XenoPort MS treatment fails in late-stage testing
Shares of XenoPort Inc. sank Monday after the drug developer said a potential treatment for multiple sclerosis patients failed in late-stage clinical testing, and it will stop developing the drug.
The Santa Clara, Calif., company said the treatment, labeled arbaclofen placarbil, failed to show a statistically significant improvement for patients taking it compared to a fake drug. XenoPort was testing the drug to treat patients with spasticity due to multiple sclerosis.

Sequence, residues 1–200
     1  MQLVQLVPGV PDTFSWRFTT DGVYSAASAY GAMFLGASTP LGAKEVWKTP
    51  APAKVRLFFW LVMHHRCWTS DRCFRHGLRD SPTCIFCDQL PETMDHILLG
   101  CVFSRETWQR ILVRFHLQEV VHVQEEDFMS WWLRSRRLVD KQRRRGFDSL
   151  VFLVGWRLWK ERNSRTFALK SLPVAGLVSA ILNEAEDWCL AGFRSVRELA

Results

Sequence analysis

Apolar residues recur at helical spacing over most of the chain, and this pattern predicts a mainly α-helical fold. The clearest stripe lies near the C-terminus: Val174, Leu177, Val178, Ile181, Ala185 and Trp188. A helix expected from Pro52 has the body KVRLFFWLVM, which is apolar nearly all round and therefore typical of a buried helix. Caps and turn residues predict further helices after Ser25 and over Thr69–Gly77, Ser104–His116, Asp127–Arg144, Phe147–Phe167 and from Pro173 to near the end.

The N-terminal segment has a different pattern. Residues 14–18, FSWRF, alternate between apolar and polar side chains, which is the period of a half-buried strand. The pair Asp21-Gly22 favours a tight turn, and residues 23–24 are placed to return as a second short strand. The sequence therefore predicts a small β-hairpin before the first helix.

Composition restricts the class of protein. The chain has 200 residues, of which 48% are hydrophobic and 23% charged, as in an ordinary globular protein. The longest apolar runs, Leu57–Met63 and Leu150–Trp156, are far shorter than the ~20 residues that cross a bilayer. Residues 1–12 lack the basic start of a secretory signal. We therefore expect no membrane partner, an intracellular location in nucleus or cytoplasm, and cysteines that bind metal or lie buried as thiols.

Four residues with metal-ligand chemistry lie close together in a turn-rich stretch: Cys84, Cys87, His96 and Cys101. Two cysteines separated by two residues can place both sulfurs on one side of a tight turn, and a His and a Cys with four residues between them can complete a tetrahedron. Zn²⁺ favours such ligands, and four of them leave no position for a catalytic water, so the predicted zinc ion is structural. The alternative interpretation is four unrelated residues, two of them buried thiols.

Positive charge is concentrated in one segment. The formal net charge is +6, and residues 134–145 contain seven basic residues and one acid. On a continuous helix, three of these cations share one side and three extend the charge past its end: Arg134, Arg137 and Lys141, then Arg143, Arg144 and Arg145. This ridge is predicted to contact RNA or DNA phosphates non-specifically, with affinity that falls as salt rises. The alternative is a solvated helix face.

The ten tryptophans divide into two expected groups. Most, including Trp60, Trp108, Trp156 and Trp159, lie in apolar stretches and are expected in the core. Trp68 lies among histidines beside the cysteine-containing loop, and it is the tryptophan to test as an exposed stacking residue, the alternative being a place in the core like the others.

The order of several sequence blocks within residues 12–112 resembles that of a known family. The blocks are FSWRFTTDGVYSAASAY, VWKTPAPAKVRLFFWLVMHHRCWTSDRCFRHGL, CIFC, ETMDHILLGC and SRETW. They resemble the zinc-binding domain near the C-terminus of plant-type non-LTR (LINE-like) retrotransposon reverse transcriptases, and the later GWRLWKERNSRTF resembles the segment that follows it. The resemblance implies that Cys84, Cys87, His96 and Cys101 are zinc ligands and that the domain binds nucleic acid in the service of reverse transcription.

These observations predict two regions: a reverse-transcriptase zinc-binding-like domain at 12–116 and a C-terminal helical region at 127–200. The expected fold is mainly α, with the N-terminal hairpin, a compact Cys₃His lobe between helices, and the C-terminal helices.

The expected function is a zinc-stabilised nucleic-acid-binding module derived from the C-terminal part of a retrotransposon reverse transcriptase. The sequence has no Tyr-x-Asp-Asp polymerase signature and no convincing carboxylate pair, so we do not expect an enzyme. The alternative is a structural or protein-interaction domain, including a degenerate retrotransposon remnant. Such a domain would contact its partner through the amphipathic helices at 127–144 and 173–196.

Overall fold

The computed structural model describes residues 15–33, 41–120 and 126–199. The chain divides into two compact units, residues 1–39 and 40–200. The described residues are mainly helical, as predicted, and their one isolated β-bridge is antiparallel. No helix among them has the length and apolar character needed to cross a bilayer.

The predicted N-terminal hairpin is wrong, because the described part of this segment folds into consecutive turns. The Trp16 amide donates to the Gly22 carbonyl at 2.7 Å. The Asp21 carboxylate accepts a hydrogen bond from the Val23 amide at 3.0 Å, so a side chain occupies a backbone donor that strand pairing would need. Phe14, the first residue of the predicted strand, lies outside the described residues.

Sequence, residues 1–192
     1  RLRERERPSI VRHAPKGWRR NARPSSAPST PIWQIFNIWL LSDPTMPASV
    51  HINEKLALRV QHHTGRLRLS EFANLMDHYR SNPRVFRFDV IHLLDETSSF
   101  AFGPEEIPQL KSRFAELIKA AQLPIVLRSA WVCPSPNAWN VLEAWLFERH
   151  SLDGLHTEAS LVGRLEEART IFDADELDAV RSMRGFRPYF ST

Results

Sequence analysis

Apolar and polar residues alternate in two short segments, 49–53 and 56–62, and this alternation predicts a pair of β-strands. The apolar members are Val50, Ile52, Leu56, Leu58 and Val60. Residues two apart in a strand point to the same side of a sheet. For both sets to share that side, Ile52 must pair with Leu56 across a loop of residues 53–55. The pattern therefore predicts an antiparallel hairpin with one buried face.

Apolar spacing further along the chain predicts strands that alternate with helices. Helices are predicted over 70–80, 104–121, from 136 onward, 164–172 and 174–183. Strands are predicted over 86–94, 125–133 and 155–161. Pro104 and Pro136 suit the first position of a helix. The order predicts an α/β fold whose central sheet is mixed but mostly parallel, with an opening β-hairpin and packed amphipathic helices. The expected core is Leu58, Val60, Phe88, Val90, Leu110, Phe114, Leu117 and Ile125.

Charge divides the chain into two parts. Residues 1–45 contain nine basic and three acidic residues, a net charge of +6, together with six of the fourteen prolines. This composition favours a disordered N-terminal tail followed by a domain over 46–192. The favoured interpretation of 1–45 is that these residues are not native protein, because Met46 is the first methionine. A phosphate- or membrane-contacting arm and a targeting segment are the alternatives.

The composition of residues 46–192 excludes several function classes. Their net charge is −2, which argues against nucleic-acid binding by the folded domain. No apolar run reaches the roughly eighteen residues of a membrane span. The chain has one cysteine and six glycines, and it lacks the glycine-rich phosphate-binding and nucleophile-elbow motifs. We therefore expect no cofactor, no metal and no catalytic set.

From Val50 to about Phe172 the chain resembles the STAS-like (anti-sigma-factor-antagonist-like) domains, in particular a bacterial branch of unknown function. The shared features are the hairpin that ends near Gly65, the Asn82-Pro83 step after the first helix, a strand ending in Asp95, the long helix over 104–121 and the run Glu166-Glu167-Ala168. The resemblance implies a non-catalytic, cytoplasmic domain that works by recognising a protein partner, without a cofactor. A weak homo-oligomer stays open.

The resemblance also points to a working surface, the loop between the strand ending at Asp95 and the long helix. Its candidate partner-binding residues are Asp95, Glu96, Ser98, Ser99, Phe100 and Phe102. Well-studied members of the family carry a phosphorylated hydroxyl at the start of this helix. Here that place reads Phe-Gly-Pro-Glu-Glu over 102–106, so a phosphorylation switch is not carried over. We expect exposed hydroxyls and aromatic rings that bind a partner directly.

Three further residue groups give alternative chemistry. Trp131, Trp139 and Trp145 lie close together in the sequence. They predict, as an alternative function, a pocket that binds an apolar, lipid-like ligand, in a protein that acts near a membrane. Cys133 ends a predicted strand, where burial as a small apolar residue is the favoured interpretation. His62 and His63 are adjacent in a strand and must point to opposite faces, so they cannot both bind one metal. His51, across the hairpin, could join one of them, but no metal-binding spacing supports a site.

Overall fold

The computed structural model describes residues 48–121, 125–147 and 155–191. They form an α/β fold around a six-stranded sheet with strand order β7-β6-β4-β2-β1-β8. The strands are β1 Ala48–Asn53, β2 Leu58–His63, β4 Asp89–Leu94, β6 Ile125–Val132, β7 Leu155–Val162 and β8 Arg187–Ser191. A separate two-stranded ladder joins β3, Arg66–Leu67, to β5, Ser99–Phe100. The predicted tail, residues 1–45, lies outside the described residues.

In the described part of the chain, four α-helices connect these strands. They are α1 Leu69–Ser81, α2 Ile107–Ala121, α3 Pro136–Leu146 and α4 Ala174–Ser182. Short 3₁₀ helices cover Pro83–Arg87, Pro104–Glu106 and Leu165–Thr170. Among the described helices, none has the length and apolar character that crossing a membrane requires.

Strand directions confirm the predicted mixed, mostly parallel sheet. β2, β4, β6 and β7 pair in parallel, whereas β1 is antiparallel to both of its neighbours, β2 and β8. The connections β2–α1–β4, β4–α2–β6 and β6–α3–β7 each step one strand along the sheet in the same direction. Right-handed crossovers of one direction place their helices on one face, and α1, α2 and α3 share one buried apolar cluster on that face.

The study involved 228 patients at 30 U.S. sites.
Spasticity is a condition connected to some neurological disorders and injury to the spinal cord. It can cause decreased range of motion, weakness, and coordination problems. Multiple sclerosis is a disease in which the immune system attacks healthy nerves. It can cause pain, numbness, slurred speech, impaired vision, muscle weakness, and neurological problems.